Dead Rhetoric: Playing in a style of music that is associated with the 80’s and 90’s, is it harder to gain appreciation from younger fans who weren’t around during those times?
Andy: Yes, we play music from the 80’s. This is clear. Hard rock is a typical 80’s style. I have seen in these years many young people that love this kind of music. In the 80’s these guys were not alive on Earth – but this is a strong kind of music. Old people can like this sound, because it’s easy, fun, emotional. I hope that this kind of music never dies.
Dead Rhetoric: What do you consider three of the most important albums in the 80’s when it comes to hard rock?
Andy: For me, I think Appetite for Destruction by Guns N’ Roses, Greatest Hits Part One and Two by Queen, and Slave to the Grind by Skid Row.
Dead Rhetoric: And what is the best concert you’ve taken in as an audience member?
Andy: It’s difficult because I have seen many concerts in my life. Maybe the first one I saw, Motley Crue some years ago. Many years ago. Or in metal, Iron Maiden, Helloween – the first show I saw is Helloween, The Time of the Oath tour. I love rock, but I also love metal.
Dead Rhetoric: What are some personal hobbies, interests, or passions that you like to pursue away from music when you have the free time and energy to do so?
Andy: I love movies, the cinema. I love sports, especially soccer (football). I love to walk in the mountains – I love to travel. I love to see countries that I have never seen before, I am curious. I love to meet different people with different cultures than I have. I love to read books, I love animals. And I love to make some parties sometimes with my friends. But now I’m a little bit bored from parties (laughs).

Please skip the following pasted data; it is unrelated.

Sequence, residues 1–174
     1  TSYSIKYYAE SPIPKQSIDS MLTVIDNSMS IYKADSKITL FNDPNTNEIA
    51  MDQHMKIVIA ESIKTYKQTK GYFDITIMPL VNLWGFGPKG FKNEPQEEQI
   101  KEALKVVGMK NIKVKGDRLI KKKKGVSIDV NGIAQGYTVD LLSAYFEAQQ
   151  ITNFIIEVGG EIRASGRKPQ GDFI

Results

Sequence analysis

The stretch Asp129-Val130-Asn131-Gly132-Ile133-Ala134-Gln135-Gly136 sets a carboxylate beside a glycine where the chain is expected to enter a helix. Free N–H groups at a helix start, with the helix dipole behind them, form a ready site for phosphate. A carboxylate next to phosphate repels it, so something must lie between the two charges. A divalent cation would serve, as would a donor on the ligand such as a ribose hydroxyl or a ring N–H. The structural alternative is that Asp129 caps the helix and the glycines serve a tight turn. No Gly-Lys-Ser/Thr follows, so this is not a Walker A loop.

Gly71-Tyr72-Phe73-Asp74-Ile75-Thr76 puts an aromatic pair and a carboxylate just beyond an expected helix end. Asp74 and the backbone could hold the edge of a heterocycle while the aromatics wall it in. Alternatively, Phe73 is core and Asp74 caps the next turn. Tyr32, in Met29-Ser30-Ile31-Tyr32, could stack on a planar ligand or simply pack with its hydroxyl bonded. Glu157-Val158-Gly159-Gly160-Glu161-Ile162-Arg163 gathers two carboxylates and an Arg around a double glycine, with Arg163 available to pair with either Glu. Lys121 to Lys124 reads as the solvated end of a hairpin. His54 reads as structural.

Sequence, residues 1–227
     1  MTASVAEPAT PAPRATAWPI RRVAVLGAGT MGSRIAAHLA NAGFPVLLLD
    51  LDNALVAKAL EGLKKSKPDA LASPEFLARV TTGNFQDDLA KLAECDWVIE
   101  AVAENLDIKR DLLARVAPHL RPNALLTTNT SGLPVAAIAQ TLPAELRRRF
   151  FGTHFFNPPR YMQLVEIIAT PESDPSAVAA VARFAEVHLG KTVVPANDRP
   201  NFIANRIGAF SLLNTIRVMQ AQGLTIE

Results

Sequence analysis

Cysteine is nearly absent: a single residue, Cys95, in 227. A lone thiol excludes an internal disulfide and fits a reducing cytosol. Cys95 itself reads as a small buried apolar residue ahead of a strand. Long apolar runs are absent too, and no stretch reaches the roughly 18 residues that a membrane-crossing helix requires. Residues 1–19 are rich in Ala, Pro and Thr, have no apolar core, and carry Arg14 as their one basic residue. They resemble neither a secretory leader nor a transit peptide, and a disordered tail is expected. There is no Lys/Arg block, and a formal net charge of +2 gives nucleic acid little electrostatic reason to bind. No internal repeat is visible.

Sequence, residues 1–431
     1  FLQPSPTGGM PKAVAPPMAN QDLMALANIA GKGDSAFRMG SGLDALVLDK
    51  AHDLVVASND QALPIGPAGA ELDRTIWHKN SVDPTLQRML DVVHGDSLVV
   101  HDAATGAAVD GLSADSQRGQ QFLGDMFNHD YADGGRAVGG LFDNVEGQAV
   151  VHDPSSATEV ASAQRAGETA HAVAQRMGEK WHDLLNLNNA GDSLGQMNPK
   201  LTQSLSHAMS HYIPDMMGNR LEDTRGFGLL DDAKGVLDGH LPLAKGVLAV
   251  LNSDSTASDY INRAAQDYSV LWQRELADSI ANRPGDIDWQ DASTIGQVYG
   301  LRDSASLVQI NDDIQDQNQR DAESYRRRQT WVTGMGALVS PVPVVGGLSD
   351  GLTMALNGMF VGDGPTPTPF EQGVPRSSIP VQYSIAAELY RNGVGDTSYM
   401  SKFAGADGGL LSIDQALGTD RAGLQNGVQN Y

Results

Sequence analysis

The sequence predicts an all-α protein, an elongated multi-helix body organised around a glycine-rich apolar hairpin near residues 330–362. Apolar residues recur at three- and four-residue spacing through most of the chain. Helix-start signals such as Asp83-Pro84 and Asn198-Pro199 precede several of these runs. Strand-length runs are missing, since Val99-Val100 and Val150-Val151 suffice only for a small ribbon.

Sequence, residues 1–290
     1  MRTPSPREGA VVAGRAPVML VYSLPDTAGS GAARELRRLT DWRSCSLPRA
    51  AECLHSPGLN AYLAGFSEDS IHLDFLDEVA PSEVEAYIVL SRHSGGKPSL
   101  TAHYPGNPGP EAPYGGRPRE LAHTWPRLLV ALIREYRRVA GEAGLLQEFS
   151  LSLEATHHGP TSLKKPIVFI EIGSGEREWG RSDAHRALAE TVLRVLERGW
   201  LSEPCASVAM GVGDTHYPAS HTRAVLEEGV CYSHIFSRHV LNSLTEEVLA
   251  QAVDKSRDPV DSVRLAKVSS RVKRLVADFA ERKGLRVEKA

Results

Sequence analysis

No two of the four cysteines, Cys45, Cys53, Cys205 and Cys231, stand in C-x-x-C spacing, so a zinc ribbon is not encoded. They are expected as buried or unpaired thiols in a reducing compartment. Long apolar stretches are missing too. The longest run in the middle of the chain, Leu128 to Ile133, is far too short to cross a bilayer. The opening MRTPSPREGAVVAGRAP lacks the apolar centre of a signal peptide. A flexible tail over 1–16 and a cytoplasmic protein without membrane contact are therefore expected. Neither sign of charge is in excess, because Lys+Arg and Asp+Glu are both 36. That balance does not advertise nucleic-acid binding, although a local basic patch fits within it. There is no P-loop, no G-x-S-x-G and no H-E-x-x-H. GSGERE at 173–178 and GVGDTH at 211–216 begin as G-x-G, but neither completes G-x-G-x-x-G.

Dead Rhetoric: What’s on the horizon for any activities related to Hell in the Club, Secret Sphere, Eternal Idol, or any other music endeavors over the next twelve months or so?
Andy: We will play shows as long as we have the opportunity and the passion to do it. We will record the new albums, and I hope to play many live shows now that we can again after the pandemic. The important thing now is the live show – I miss the stage. I want to come back on stage very soon. The first show for Hell in the Club for example will be in May here in Italy. A little festival with other bands like ours, rock and hard rock bands. A family-type of festival. We are working on new songs with all the bands. In the future, I don’t know when the albums will come out. Maybe next year for sure, I will go around with new albums from all my bands.